Freejack (1992) Directed by Geoff Murphy. With Emilio Estevez, Mick Jagger, Rene Russo and Anthony Hopkins.
Based on a novel by Robert Sheckley, adapted by three different screenwriters and with an eye-catching cast including Emilio Estevez, Mick Jagger and Anthony Hopkins, it’s perhaps unsurprising that Freejack is a bit of a muddle. Released in the early 1990’s and with a respectful budget to its name, director Geoff Murphy struggles to gain any traction from a story that seems to shadow the likes of Total Recall, but never exerts itself in terms of character, wit, tension or excitement.
Thanks to his success as a leading member of the ‘brat pack’ in the mid-to-late 1980’s, Emilio Estevez is cast centre-stage, as a racing car driver, clutched from the jaws of death and transported 18-years into a typically bleak vision of the future. A future in which Mick Jagger delivers some of the worst acting in a mainstream film ever.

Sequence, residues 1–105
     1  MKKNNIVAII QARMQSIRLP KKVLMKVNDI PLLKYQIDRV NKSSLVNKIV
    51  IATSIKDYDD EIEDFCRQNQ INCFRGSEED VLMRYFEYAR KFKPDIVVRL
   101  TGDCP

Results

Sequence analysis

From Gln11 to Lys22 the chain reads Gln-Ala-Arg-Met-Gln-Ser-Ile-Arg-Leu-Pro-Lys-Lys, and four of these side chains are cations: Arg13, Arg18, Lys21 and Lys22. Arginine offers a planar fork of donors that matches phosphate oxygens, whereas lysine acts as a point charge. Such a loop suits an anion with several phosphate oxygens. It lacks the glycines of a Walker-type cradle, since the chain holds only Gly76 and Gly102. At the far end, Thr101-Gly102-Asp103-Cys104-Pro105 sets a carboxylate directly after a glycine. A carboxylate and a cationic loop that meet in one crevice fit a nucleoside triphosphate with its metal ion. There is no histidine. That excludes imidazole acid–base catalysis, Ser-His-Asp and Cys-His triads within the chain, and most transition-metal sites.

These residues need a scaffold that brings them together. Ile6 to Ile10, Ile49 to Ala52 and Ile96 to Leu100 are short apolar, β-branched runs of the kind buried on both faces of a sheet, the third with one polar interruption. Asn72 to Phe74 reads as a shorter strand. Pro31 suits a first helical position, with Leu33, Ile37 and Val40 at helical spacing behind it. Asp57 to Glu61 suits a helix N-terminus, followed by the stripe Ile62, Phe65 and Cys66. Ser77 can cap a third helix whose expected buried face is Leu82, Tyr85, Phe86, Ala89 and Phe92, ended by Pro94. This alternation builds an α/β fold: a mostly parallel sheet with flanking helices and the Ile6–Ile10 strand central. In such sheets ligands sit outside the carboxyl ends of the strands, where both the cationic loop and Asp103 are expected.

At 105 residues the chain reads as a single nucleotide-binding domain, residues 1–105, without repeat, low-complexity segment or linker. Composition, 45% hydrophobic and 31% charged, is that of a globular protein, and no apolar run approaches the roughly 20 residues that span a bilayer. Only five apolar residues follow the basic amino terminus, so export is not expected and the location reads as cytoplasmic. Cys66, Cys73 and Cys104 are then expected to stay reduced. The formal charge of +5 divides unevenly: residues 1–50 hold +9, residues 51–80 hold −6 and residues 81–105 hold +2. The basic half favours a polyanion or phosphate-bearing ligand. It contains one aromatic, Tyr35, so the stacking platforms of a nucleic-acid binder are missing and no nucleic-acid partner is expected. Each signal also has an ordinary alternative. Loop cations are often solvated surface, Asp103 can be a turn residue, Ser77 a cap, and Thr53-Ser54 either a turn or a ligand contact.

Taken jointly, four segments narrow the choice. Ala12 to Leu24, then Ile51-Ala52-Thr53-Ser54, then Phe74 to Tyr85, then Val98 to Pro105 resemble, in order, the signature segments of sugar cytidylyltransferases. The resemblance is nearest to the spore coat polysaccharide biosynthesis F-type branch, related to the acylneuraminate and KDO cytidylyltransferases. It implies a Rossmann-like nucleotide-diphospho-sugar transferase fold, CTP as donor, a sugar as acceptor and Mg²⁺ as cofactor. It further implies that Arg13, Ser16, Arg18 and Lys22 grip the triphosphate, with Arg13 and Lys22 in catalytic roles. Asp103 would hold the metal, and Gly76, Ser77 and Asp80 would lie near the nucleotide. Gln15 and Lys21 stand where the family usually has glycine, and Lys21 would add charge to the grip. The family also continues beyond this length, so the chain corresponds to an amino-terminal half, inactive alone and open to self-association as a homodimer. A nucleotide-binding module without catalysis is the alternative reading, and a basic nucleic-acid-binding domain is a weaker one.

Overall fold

Jagger isn’t the root of the problem here, though. For starters, the script is a stinker – devoid of ingenuity, while the direction is stock and unimaginative. Estevez is a willing lead, if not slightly bland, and some of the set-pieces are notable for looking expensive, with enough stunts, chases and explosions to edit a half-decent looking trailer. In the context of the film, however, they do little to detract from the boredom.
While it has quality in its ranks, Freejack is as throwaway as they come. Jagger’s performance is embarrassing to behold, while it’s baffling to see Anthony Hopkins propping the thing up in a performance he quite literally phones in. What begins intriguingly, descends quickly into a mire of half-baked ideas and squandered potential. 2/5